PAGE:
I am often asked how I feel about modern Buddhism and the adaptation of Buddhist teachings to our new modern world and times. My answer is always the same – Truth and wisdom are only enhanced by time and thus I feel The Buddha himself would address our times with relevance and essential truth to his teachings.
Here are some principles I feel will hold up and be relevant regardless of the clocks and calendars:
There is no Buddhist god. Never has been. Never will be. Its all about you, your perceptions and understanding.
It’s about your basic goodness. Buddhism is not about salvation or original sin. It’s not about becoming somebody different or going somewhere else. Because both you and your world are basically good. With all its ups and downs, this world of ours works. We simply need to understand it as we grow.
The problem is suffering. The answer is waking up. It feels like we’re hopelessly caught in this bad dream of “me and them” we’ve created, but we can wake up from it. This is the third noble truth, the cessation of suffering. We do this by recognizing our ignorance, the falseness of our belief in this “I.”
The primary practice is simple – Work with your mind. Practices of meditation, mindfulness and more are based on understanding that we experience ourselves and our world for what they have been since beginningless time, are right now, and always will be — nothing but enlightenment itself, great perfection in every way. So work with your mind!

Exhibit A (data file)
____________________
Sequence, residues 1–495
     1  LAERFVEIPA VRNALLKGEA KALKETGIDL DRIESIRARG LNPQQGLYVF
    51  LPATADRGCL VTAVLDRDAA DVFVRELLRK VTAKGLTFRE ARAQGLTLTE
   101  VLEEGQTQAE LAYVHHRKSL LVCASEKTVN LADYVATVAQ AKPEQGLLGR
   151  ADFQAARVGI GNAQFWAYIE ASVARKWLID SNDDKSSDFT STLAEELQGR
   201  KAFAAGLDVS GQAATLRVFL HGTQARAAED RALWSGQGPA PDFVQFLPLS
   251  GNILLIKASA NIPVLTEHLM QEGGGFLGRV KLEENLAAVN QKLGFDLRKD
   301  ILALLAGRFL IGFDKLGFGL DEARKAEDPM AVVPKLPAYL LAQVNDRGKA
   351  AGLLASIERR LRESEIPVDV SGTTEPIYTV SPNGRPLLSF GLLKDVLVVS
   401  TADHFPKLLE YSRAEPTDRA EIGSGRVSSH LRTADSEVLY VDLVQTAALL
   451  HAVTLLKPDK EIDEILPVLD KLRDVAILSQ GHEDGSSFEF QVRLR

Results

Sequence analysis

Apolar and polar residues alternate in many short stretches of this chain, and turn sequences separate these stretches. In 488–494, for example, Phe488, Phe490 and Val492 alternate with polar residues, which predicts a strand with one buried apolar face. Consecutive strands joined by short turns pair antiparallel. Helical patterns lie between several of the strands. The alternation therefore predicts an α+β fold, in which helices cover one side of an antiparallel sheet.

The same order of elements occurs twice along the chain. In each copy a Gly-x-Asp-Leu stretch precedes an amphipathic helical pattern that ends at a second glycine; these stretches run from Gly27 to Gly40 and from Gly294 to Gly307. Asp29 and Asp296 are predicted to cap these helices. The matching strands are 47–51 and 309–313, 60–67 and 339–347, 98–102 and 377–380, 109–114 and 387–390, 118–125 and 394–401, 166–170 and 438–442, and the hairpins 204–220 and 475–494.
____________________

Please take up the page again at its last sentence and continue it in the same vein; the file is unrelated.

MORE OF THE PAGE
Whatever your spiritual choice (or lack of one) there is only one person who can better your life – you!
Yes, there is a spiritual non-material world in Buddhism. Your mind! Where is the boundary of my mind? Is it large or small? Is it inside me looking at the material world outside? Or are my perceptions and my experience of them both mind? (And if so, perhaps it’s the material world we should be questioning the reality of.)
Taking nothing, accept nothing on faith alone. Put it to your test.
Buddhism is open, progressive and not institutionalized. There is no “church” or specifics beyond local groups (No, the Dalai Lama is not the head of world Buddhism. He’s not even the head of all Tibetan Buddhism, just of one sect.). Buddhism is simply people working with their minds and each other to create goodnesses amongst all.
Buddhism works. This is not an attempt to convert anyone to Buddhism. There is no need for that. But those who think of themselves as spiritual but not religious can find a lot in Buddhism to help them on their personal path, however they define it.
When I first encountered Buddhism, what struck me was its absolute integrity. I saw that it was not trying to manipulate me by telling me what I wanted to hear. It always tells the truth. Sometimes that truth is gentle, softening our hearts and bringing tears to our eyes. Sometimes it is tough, forcing us to face our problems and cutting through our comfortable illusions. But always it is skillful. Always it offers us what we need. We are free to take what we wish.
Peace and Love, Jim